"Upwind sailing, when going to the toilet becomes a dangerous radical sport." In this sail, we got to experience light winds and moderate ones, on a trip that was expected to be long and slow. And so it was. We left Madeira mid-afternoon on the “tail” of the Volvo Ocean Race fleet. They had passed on the same route we were planning to do earlier that day, but unfortunately for us, they had all managed to do great times on the first part of their race leg from Alicante to Lisbon so we missed the remote chance of seeing them pass on the horizon. We would have to wait until we got to Cascais and Lisbon to go see them before their departure on the next race leg from Lisbon to Cape Town.
As we gained distance from the Madeira Archipelago an amazing sunset reinforced the idea that we have to come back to these beautiful islands, the night rolled in we got ready for our shifts. Despite the warm temperatures during the day, the night presented itself cooler but dry and with clear skies. None of us got into trouble during the shifts throughout the entire trip, no encounters with other vessels or fishing apparatus, just sail changes to deal with the wind. But as we progressed North every day we felt the weather changing from warm days and nights to chilly days and cold nights. The first days were defined by light winds coming on the nose, around 20 to 30 degrees and around 10 knots of strength but we managed to keep an average speed of 5-6 knots while sailing and avoid to motor-sail except when the wind completely died off or when tack after tack we couldn’t see any progression in our journey. We tried out our new wind-vane and enjoyed the peace and quiet once the autopilot was off. It is way more comfortable to use the wind-vane instead of the electric autopilot and Ella enjoyed the sail even more without that annoying sound of the chain, motor and gears.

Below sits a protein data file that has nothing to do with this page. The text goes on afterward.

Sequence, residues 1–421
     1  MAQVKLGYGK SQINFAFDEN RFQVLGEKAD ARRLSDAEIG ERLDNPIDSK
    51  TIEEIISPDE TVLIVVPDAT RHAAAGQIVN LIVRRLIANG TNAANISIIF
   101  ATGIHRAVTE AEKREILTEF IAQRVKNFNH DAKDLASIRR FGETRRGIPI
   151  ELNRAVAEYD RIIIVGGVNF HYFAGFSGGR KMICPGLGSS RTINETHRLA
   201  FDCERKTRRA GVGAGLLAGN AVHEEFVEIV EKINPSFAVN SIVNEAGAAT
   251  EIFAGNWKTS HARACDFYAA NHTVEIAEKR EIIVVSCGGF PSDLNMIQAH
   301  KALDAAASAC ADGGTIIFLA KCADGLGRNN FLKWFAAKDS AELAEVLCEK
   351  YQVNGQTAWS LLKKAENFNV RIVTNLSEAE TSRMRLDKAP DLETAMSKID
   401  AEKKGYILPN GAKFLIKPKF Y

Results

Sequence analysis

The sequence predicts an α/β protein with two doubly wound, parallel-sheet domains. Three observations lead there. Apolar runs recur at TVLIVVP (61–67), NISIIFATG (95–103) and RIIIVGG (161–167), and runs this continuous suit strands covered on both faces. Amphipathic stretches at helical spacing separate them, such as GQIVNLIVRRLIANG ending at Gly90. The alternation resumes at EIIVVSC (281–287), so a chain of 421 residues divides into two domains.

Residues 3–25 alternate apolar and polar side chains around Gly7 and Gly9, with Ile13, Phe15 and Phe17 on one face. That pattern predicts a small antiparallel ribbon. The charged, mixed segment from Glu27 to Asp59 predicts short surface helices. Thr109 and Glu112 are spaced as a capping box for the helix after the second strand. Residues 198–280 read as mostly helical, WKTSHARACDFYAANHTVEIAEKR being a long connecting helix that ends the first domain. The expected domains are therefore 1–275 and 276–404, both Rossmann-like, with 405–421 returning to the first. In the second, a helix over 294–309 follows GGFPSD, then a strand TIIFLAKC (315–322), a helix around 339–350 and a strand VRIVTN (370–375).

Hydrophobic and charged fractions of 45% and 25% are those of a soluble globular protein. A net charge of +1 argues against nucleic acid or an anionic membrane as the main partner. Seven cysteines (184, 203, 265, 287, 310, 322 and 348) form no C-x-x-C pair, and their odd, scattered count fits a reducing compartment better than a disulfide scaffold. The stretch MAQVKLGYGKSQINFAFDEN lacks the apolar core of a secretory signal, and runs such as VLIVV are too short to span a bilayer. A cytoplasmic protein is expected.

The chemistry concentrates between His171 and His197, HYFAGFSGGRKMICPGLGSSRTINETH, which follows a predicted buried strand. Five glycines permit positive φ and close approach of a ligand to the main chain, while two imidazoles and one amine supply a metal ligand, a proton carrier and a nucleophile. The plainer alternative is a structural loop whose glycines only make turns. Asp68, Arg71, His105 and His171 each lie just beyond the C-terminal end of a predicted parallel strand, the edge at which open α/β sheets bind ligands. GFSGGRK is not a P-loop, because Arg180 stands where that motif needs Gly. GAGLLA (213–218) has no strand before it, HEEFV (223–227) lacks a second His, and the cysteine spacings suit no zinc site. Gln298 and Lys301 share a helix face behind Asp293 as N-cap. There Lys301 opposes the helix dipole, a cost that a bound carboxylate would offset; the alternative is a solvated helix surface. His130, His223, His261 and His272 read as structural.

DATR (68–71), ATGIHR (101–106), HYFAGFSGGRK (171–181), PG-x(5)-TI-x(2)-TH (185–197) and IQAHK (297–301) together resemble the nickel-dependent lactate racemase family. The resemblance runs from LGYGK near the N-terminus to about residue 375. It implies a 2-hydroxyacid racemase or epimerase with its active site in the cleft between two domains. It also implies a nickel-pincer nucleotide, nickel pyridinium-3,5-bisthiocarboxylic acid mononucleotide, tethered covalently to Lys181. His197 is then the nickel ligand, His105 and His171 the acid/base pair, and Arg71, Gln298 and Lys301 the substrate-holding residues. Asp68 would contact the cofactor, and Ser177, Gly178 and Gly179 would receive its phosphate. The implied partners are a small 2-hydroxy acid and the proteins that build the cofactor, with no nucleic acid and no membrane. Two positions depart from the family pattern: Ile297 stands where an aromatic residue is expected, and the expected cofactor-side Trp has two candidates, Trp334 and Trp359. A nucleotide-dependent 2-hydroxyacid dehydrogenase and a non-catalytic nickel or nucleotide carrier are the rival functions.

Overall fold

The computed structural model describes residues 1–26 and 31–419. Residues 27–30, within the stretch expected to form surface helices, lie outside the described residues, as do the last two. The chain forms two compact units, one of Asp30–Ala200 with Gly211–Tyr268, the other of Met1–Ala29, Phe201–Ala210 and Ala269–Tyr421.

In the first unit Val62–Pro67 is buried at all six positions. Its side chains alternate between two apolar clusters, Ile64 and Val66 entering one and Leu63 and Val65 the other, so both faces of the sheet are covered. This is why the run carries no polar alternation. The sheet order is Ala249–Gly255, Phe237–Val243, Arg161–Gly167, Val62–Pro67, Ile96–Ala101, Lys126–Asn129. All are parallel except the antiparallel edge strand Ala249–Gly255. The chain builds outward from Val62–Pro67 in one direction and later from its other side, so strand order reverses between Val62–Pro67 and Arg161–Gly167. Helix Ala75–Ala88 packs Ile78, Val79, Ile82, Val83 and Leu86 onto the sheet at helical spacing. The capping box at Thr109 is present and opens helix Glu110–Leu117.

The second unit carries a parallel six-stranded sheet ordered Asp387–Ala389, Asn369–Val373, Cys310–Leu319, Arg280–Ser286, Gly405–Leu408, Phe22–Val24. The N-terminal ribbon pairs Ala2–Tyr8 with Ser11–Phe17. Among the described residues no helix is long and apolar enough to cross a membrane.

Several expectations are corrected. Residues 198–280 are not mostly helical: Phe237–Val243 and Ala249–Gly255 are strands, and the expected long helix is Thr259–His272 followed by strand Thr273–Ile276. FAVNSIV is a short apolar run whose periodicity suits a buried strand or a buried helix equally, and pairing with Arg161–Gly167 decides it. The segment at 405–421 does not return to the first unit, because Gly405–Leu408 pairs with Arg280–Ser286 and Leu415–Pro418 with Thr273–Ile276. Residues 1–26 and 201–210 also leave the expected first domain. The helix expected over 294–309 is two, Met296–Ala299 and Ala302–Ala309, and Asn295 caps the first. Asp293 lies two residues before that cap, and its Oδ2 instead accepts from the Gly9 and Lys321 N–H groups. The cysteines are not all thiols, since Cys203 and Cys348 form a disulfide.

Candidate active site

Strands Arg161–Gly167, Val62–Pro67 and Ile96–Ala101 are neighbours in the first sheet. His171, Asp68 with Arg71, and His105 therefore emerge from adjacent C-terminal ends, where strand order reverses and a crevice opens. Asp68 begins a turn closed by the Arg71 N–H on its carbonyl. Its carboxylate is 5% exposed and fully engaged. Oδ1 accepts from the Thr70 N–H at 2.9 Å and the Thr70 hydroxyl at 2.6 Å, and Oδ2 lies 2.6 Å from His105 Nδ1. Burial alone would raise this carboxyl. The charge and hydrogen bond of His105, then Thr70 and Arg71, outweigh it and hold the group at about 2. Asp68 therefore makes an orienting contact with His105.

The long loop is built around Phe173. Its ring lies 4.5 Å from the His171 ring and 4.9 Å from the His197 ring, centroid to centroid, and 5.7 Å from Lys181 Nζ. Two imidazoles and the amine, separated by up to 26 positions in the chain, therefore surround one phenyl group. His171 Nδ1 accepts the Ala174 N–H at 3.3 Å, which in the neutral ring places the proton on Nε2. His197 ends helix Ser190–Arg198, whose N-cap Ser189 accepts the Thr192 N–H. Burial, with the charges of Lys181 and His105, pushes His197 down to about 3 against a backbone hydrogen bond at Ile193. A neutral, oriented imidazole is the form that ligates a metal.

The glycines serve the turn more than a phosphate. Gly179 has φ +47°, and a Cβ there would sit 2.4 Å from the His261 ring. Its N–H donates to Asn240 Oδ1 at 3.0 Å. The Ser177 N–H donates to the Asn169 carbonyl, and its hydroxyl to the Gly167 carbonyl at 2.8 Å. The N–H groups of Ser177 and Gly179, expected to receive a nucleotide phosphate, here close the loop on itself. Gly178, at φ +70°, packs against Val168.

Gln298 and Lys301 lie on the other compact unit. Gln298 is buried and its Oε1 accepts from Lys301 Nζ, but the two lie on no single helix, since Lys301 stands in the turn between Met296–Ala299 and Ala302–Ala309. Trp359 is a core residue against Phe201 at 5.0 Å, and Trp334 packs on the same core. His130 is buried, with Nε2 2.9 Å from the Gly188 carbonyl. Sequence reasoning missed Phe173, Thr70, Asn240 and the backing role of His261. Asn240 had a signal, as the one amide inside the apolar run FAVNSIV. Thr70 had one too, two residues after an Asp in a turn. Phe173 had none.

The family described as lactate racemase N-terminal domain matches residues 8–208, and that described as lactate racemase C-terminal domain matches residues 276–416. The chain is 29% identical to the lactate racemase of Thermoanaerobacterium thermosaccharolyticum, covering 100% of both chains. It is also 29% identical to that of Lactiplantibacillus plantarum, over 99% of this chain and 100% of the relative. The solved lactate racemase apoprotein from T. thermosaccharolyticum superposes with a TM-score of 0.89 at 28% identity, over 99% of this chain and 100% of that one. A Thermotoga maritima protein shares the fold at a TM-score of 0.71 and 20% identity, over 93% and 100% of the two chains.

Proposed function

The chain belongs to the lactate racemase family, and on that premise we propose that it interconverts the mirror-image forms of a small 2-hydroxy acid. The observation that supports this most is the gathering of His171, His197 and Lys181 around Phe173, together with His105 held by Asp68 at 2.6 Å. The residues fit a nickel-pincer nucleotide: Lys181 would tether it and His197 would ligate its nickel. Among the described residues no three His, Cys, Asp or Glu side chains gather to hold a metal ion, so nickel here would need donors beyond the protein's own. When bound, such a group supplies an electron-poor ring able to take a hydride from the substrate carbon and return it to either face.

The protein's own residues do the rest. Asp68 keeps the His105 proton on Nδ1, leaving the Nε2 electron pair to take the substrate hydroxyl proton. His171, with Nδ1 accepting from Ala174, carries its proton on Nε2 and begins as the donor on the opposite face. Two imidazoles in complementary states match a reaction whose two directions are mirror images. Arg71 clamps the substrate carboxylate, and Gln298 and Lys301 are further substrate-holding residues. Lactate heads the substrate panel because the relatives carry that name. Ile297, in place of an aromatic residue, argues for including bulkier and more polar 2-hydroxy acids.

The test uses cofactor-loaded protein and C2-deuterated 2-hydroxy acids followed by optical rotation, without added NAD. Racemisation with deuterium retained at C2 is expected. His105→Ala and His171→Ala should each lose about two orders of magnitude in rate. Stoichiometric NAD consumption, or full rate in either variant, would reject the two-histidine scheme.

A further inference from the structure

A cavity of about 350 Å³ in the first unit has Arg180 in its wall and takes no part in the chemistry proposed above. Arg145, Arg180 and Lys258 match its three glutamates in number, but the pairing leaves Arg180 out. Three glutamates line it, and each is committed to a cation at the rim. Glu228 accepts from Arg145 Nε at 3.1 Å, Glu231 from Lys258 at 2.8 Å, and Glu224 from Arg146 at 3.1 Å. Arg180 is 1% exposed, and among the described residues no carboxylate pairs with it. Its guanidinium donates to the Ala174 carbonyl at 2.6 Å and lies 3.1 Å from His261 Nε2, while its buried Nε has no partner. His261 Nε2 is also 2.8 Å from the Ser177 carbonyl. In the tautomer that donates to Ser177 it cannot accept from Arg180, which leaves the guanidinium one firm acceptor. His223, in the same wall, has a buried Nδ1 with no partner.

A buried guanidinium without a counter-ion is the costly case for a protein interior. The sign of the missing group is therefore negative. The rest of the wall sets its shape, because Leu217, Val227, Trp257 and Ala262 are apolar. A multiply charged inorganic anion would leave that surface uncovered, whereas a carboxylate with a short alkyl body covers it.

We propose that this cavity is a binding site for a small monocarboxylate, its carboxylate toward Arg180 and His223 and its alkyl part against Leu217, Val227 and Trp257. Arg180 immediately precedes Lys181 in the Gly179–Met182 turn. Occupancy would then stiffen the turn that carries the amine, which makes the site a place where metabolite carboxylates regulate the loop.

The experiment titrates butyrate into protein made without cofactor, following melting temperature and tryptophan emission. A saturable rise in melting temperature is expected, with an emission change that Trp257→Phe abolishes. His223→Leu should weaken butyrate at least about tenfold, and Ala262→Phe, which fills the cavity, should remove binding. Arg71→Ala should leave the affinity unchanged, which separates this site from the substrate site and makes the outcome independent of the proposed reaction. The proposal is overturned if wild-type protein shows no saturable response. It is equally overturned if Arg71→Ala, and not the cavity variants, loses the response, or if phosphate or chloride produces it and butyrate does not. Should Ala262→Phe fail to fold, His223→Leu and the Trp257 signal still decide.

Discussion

Eventually, the winds died off and we started drifting towards the shipping channel path that leads to the TSS off the coast of Sagres point, this could be a problem since those ships come at massive speeds so we tried to motor with the engine without success, it just kept stalling.
We had been experiencing problems since day one when we bought the yacht but despite our instructions to the boatyard to have the tanks cleaned, the yard decided to judge us by our age and the experience they thought we had or in this case the lack of it. They dismissed the problem as being a user problem, that we didn’t open the fuel tank valves correctly or completely so the engine would fail and starve.
After that, we decided to check it ourselves but when checking the fuel through the inspection access point we had only found really clean fuel. So after checking with another marine mechanic in Gibraltar, it seemed like the bet was on the chance of an air leak or a clogged air vent.
But the reality was that contrary to all the other times we encountered trouble with the engine the seas were flat on this occasion, all the lines had been visually checked for air leaks and the tank ventilation pipes cleaned so obviously that was not the problem. We were back to square one and our suspicions turned again to the fuel!